The Iowa caucuses get underway on Monday, when the state’s Republicans pick their presidential candidates and the 2024 presidential election cycle officially begins. But what is a caucus and what will the results mean? Penn Today asked John Lapinski of the School of Arts & Sciences to share three things to know about the caucuses. Lapinski is faculty director of the Robert A. Fox Leadership Program, director of the Program on Opinion Research and Election Studies, faculty director of the Fels Institute of Government, and director of elections at NBC News.
Caucuses are not the same as primaries
A lot of people think that “caucus” and “primary” can be used interchangeably, but caucuses are actually local party meetings. While we may focus on the presidential preference vote aspect of the caucus, there is other local party business that also takes place at these meetings. Unlike primaries, where voters can show up to vote anytime throughout the day while polls are open, at a caucus, a voter needs to be at their local school or firehouse at the beginning of the meeting. In Iowa, doors close at 7 p.m. local time. If you arrive after that time, you are unable to participate.
After caucus-goers say a prayer and the Pledge of Allegiance, each meeting elects a caucus chairperson and then proceeds to the presidential preference poll. At each location, supporters are allowed to make speeches to persuade people to support their chosen candidates. After speeches, attendees vote on a secret ballot. While some locations will use a pre-printed ballot, most just distribute a blank piece of paper. These ballots are then counted publicly in front of all caucus attendees and the results are announced. After the presidential preference vote, the caucus proceeds with the rest of the party’s business.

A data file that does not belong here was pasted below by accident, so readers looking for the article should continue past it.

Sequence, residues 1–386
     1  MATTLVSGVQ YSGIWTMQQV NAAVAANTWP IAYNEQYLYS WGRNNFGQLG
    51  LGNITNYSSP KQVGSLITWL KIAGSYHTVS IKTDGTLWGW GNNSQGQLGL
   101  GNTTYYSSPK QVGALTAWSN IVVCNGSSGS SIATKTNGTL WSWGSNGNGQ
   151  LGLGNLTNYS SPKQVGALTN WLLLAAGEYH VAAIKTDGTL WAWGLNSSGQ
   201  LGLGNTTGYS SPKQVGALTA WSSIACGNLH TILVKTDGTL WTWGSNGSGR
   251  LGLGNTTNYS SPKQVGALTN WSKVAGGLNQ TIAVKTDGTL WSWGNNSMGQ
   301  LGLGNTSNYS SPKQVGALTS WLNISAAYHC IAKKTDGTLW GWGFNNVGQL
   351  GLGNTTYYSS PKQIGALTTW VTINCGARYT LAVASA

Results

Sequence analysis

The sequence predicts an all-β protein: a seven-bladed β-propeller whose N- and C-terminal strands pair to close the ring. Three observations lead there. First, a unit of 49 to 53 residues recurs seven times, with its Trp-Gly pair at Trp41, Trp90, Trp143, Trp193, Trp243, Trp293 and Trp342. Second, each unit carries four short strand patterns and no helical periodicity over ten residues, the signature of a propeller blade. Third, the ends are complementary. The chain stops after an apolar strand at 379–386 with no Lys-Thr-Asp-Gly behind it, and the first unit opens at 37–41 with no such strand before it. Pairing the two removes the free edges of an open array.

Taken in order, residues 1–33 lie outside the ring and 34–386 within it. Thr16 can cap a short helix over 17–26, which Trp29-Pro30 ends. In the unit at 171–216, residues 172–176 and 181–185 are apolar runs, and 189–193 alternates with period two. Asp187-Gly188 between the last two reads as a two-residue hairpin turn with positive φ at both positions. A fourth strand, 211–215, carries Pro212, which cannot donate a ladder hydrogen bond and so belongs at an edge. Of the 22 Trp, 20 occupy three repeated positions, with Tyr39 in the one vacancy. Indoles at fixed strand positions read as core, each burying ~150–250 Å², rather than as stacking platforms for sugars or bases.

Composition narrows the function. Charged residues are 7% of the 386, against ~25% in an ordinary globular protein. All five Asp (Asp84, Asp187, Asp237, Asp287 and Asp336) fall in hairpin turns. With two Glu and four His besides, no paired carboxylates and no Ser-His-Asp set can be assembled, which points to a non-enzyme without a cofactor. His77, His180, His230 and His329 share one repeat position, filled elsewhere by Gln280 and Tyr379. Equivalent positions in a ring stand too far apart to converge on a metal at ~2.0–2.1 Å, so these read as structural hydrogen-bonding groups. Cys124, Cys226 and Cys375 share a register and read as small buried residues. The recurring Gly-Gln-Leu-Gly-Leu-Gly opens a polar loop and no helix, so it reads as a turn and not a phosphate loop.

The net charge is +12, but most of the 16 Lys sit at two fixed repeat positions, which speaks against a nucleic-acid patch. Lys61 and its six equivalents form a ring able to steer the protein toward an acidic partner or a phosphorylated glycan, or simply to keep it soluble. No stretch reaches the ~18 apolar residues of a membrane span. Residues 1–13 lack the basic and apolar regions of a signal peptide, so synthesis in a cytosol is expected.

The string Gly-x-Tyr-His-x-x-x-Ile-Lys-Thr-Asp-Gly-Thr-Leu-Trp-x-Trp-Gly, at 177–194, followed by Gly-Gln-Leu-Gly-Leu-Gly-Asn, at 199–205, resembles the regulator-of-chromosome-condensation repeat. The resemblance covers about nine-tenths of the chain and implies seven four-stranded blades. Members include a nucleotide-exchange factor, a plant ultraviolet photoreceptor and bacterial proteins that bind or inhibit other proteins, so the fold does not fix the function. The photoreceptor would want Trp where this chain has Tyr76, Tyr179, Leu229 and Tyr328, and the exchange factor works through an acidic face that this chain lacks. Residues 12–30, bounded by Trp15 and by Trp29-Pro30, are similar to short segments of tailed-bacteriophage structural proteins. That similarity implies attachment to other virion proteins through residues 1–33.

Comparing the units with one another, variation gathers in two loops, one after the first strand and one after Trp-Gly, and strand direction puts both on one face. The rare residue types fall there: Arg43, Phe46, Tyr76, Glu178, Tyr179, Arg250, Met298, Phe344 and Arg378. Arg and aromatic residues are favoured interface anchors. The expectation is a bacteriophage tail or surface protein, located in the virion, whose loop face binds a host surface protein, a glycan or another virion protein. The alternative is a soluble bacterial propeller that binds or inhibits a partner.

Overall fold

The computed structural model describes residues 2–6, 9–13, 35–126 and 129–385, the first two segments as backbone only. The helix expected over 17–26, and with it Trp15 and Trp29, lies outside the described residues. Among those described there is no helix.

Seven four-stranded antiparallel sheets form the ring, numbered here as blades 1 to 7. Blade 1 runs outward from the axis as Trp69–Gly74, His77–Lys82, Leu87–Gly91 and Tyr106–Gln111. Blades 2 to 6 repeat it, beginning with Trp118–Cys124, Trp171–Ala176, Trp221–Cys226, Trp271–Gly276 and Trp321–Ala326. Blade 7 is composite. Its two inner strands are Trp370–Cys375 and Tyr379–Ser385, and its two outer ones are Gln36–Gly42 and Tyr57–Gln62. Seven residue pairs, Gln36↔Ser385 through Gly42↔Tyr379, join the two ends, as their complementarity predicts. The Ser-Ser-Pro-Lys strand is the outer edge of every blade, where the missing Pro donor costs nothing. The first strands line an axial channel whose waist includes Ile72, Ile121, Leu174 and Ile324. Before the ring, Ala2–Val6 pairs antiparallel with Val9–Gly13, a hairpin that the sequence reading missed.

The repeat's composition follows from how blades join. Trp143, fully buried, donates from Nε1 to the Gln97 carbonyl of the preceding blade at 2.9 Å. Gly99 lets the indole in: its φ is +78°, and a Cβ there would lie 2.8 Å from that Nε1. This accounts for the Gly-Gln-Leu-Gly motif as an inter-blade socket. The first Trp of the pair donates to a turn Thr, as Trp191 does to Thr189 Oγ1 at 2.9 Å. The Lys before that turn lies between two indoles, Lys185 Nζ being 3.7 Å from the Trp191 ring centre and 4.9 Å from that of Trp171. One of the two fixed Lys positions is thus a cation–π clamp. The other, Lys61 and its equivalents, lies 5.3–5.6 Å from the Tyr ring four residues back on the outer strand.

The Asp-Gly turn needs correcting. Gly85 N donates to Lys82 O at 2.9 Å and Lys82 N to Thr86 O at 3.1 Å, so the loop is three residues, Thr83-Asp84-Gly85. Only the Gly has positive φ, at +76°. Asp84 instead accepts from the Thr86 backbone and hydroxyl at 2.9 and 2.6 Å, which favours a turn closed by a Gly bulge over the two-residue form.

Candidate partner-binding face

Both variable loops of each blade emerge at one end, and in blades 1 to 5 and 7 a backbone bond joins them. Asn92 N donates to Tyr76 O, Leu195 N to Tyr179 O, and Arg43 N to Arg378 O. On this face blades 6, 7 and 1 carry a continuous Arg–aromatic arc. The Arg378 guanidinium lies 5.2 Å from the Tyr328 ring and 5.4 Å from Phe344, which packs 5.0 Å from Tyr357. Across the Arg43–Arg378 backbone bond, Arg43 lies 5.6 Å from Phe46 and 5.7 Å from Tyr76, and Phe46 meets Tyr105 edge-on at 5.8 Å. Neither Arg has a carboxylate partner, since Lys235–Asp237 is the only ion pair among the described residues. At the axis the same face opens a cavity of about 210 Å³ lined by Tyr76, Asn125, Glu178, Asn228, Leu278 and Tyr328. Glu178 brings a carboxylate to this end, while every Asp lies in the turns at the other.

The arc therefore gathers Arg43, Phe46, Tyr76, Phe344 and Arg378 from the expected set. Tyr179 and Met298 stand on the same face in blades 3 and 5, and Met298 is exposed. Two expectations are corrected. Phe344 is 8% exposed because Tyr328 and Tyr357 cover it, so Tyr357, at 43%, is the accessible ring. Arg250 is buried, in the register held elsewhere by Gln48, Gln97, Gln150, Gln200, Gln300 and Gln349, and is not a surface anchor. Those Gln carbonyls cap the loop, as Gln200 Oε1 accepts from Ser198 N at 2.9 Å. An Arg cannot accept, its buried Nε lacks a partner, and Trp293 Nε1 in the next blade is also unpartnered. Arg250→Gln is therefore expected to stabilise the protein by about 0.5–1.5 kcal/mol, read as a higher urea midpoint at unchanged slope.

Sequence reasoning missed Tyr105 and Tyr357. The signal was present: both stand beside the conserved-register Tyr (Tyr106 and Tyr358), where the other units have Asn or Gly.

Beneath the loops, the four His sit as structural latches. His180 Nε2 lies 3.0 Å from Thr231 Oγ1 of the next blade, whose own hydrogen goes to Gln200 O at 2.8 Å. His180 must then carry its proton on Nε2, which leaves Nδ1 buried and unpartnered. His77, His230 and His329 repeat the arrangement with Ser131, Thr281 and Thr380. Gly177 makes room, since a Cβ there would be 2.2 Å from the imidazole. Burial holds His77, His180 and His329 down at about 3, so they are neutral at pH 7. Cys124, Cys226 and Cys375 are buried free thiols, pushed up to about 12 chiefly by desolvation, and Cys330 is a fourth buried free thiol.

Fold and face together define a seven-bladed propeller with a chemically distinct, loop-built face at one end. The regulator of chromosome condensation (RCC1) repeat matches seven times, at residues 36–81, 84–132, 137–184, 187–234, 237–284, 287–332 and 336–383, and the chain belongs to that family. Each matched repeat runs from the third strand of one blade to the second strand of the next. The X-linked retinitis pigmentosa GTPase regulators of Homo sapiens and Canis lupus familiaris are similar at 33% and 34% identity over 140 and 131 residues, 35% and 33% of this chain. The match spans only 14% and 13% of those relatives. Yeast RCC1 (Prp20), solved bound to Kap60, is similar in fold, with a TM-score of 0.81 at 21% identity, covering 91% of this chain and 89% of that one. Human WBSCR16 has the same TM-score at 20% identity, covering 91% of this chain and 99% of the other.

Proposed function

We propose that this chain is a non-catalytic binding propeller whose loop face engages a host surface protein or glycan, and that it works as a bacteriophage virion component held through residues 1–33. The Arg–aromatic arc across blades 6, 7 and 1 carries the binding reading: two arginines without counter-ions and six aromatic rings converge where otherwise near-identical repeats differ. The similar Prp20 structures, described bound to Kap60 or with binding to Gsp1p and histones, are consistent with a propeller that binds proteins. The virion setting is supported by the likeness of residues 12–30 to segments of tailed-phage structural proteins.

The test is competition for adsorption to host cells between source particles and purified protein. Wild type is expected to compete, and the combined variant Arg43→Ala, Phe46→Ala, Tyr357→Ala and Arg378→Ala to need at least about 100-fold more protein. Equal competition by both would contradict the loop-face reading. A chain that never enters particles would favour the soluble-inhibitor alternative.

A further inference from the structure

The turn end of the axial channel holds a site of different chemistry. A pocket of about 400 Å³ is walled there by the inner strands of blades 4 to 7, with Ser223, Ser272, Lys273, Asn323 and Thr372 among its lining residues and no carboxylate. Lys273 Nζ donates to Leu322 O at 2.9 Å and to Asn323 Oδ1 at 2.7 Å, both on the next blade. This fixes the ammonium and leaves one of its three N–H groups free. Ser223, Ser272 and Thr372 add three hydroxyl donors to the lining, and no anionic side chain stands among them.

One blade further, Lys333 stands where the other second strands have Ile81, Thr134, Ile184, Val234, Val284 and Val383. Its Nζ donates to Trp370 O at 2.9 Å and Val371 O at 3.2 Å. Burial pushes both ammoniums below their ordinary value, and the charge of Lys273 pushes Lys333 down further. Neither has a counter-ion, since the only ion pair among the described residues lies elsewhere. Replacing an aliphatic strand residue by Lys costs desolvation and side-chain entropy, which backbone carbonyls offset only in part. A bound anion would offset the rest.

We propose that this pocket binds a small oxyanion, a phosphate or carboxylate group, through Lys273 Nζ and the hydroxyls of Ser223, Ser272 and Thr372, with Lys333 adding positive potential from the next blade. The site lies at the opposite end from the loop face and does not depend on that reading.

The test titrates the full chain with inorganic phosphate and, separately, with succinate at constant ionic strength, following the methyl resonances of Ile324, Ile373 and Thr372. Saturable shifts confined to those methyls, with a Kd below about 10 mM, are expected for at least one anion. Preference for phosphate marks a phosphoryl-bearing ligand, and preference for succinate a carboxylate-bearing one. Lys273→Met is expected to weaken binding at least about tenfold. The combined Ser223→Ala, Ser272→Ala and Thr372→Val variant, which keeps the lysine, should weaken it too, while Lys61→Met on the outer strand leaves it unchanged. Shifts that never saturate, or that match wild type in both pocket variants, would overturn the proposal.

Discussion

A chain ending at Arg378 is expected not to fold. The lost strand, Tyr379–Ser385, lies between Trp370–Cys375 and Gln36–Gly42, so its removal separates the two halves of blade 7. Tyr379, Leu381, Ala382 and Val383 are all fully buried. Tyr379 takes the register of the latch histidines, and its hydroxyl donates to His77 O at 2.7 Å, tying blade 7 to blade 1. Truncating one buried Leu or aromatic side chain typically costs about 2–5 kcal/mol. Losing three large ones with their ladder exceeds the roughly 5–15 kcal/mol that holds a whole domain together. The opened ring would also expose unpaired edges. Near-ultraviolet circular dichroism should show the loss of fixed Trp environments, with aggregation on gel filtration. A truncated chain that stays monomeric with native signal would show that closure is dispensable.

The Iowa caucuses are the first presidential preference contest of the 2024 cycle
This is the first time Republican voters will have the chance to weigh in on who they want to represent their party during the presidential election. Historically, candidates who struggle to garner significant vote share in the caucuses are likely to drop out of the presidential race. The Iowa caucus could help to narrow the presidential field, but the 40 delegates up for grabs in Iowa represent less than 2% of the total delegates at stake during the Republican primary season. The eventual Republican party nominee has only won three of the last eight Iowa caucus events: Gerald Ford in 1976, Bob Dole in 1996, and George W. Bush in 2000.
All eyes are on Trump
Polls have shown that Donald Trump holds a commanding lead in Iowa among likely caucus-goers. Trump actually lost the 2016 Iowa Caucuses to Ted Cruz, so it will be curious to see if he is able to outdo his 2016 performance.